We returned to our host school in the afternoon and pupils worked in their ensemble groups to explore their initial responses to the Killing Fields. The festival artists used many forms of theatre to help pupils dramatise their emotions and start working towards a final performance that would symbolise not just Cambodia’s past, but the hope for its future- like ‘a phoenix rising from the ashes’, as one artist so beautifully phrased it.

 

In the evening pupils watched a performance by the Phare Cambodian Circus; this was breathtaking piece of theatre that inspired our pupils and opened their eyes to new theatrical genres.

 

Day Three

Day three started with all pupils working together to create the opening of their performance. This final performance was directed by Dinos Aristudou, an extremely influential international artist. The opening of the performance was an alluring physical representation of the pupils’ responses and incorporated the powerful symbol of the Khmer.

 

The pupils then experienced two workshops run by a range of artists. One workshop,entitled ‘From Peace to Conflict’, was run by Buntheoun, Lay Noth and Sakun Po from the Cambodian Theatre company, Epic Arts. The focus of this workshop was to use creative movement as a way to explore some of the conflicts that we face on a daily basis and how we can encourage understanding, respect and communication as positive resolutions. Other workshops included ‘Let’s go to the Circus’ with Hout Heang from Phare Cambodian Circus and ‘Story, Theatre and Hope’ with the renowned theatre practitioner Jonothan Neelands, which used a variety of participatory storytelling techniques to explore the ancient Khmer story of the Neang Kang Rei mountain.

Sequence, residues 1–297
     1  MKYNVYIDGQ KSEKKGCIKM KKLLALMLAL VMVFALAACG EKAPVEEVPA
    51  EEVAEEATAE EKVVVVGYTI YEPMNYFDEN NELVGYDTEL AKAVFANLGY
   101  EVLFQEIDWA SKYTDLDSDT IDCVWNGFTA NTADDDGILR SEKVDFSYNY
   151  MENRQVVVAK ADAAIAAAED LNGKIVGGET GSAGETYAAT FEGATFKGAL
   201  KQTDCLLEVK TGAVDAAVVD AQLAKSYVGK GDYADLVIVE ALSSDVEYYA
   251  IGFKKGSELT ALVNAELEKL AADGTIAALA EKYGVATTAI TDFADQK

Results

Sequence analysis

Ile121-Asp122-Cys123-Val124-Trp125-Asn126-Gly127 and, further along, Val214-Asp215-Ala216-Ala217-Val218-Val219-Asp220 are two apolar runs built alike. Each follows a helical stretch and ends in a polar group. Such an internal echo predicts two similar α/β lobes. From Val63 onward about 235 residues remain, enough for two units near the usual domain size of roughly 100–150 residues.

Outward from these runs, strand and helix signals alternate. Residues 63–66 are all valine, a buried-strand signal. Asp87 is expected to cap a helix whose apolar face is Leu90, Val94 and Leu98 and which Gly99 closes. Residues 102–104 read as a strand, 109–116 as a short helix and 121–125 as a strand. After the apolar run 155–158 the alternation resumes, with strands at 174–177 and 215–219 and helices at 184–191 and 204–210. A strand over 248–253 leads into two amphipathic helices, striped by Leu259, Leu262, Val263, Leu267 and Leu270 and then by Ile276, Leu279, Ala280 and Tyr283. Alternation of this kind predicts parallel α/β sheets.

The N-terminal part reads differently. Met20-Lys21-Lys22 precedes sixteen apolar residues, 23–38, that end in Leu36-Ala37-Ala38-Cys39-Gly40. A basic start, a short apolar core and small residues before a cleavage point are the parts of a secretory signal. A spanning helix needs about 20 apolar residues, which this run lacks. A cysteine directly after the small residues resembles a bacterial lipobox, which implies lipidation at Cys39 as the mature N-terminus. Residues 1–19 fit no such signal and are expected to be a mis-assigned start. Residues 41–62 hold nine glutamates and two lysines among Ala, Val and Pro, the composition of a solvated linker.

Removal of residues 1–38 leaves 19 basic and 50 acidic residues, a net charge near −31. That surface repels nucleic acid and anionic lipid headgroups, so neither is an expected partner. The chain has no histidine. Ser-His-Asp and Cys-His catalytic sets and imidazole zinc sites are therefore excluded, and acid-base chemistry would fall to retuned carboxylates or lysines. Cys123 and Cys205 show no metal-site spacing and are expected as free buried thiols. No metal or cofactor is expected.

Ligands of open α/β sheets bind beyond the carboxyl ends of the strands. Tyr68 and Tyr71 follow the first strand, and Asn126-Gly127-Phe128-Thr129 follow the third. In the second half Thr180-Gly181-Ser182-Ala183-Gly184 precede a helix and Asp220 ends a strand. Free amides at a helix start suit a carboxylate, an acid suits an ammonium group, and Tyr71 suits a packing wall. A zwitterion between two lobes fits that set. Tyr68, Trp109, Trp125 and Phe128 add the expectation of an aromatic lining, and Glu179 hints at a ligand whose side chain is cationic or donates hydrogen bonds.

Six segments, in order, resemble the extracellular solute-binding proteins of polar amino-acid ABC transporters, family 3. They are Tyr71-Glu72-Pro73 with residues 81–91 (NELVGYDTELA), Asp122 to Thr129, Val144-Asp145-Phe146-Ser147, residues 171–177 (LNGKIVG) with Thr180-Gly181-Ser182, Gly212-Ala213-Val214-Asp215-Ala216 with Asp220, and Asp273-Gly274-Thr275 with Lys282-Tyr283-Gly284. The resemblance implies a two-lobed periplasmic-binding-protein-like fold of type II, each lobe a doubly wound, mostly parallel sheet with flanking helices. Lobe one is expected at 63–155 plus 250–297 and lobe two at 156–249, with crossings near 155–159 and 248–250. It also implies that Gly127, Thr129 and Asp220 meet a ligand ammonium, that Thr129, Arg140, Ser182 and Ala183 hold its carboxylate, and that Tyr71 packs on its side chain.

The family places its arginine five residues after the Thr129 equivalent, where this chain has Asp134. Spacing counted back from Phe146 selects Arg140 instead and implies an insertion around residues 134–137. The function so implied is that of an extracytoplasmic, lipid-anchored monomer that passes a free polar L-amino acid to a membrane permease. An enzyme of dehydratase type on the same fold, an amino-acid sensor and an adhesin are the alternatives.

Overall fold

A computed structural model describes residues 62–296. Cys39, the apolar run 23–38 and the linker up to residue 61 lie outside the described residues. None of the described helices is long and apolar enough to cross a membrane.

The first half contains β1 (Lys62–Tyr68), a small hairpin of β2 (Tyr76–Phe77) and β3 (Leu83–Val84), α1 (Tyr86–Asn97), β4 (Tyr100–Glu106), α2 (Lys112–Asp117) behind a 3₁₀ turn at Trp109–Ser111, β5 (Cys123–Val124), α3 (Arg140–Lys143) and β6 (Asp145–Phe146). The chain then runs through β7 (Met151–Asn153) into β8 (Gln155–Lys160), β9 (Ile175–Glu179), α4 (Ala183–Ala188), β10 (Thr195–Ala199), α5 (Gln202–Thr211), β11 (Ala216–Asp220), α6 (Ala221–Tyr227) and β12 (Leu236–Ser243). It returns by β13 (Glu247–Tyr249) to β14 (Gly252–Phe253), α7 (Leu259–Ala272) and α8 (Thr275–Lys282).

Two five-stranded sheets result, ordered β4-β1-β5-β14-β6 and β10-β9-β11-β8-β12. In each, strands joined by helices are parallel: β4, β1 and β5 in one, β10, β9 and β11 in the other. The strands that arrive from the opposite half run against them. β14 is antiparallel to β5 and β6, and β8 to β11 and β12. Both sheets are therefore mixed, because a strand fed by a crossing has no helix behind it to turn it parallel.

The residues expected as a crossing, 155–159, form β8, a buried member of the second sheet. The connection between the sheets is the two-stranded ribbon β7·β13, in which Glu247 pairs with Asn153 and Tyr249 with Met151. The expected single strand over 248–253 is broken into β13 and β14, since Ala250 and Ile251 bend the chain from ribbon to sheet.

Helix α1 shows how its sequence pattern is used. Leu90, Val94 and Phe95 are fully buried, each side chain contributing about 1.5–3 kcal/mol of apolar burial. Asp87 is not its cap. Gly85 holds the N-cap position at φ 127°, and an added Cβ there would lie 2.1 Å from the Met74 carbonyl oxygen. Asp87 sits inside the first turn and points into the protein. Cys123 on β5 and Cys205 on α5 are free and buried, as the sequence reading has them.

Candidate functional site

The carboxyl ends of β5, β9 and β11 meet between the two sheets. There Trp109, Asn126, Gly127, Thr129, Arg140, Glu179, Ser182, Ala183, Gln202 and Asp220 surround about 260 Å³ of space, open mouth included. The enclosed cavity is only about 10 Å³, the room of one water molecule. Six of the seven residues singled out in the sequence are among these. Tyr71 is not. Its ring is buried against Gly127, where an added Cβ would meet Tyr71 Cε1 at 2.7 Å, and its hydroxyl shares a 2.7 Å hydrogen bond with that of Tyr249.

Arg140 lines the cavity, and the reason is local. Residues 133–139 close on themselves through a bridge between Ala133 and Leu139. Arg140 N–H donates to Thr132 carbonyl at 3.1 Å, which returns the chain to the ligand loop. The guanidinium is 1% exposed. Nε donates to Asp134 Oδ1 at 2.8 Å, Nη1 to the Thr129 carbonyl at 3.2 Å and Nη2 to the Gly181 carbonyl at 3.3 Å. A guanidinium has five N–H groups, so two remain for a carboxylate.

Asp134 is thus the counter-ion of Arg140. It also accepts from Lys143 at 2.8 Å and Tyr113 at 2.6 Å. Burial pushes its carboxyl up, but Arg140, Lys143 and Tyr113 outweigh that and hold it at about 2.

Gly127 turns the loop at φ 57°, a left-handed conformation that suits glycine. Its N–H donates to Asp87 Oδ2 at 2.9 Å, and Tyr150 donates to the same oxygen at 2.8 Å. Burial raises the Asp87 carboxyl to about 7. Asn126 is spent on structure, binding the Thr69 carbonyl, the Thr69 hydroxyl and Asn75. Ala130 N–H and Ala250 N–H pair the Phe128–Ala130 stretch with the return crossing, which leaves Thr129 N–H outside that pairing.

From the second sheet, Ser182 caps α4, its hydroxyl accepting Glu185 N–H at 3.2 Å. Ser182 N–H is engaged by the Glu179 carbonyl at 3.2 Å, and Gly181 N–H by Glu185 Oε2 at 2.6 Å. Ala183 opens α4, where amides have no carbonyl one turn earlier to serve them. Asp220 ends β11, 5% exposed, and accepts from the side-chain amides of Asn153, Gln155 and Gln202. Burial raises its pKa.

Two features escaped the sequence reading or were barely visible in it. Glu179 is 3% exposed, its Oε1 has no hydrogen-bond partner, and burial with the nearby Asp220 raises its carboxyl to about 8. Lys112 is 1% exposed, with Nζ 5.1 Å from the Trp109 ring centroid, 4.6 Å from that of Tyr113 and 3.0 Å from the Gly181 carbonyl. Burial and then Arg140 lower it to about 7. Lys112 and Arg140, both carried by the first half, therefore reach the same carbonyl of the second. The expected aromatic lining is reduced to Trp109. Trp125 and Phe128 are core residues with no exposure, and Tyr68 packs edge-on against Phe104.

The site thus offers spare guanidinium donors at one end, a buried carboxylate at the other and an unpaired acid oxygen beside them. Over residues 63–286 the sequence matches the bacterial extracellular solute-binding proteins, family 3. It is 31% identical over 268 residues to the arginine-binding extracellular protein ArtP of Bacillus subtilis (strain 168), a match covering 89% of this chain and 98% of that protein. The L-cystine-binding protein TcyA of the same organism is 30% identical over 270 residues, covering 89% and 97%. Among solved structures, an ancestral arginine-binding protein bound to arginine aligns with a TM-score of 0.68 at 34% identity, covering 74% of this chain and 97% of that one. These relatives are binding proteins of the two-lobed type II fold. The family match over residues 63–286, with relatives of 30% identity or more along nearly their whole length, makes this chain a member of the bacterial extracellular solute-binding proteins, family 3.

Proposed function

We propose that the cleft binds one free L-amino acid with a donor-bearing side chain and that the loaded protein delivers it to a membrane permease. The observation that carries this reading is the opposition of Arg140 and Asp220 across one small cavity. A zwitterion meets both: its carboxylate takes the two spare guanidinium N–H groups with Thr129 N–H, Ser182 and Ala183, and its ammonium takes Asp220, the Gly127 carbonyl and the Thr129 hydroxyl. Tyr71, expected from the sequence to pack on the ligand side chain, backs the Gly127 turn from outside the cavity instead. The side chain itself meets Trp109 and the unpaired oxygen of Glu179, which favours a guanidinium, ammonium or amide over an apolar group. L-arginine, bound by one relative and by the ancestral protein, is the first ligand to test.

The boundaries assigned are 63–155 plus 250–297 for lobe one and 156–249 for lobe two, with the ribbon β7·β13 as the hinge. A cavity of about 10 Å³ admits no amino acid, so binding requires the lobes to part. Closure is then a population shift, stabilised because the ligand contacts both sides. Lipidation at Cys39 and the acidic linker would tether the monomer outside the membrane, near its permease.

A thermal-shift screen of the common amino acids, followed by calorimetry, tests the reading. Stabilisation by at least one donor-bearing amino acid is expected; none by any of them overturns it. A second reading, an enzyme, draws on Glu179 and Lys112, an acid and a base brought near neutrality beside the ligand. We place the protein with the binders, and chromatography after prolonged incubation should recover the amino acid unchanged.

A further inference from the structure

In the evening we watched a performance by Epic Arts, a local theatre company that works with disabled and able bodied Cambodian artists. The performance was indeed, epic.

 

Day Four

Pupils spent the day working in their ensemble groups, and as a whole company, to create the final performance. The performance was then shown to an audience of local parents and pupils. Our pupils should be very proud of this piece. It used a wide variety of performance styles and was a deeply moving expression of Cambodia’s history and hopes for its future. One of the quotes used in the final performance was ‘We believe that through creativity we can expand our potential as human beings’. Our pupils did just that.